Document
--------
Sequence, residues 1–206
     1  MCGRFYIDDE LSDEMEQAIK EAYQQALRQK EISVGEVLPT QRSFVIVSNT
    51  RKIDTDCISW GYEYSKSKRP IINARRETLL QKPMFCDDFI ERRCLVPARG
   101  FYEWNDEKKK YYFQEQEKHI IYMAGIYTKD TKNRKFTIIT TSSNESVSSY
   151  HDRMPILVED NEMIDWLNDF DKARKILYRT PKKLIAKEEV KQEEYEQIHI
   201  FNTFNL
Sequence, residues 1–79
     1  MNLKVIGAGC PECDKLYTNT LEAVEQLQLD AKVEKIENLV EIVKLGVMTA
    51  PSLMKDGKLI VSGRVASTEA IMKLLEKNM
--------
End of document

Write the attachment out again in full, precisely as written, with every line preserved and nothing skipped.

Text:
Sequence, residues 1–206
     1  MCGRFYIDDE LSDEMEQAIK EAYQQALRQK EISVGEVLPT QRSFVIVSNT
    51  RKIDTDCISW GYEYSKSKRP IINARRETLL QKPMFCDDFI ERRCLVPARG
   101  FYEWNDEKKK YYFQEQEKHI IYMAGIYTKD TKNRKFTIIT TSSNESVSSY
   151  HDRMPILVED NEMIDWLNDF DKARKILYRT PKKLIAKEEV KQEEYEQIHI
   201  FNTFNL
Sequence, residues 1–79
     1  MNLKVIGAGC PECDKLYTNT LEAVEQLQLD AKVEKIENLV EIVKLGVMTA
    51  PSLMKDGKLI VSGRVASTEA IMKLLEKNM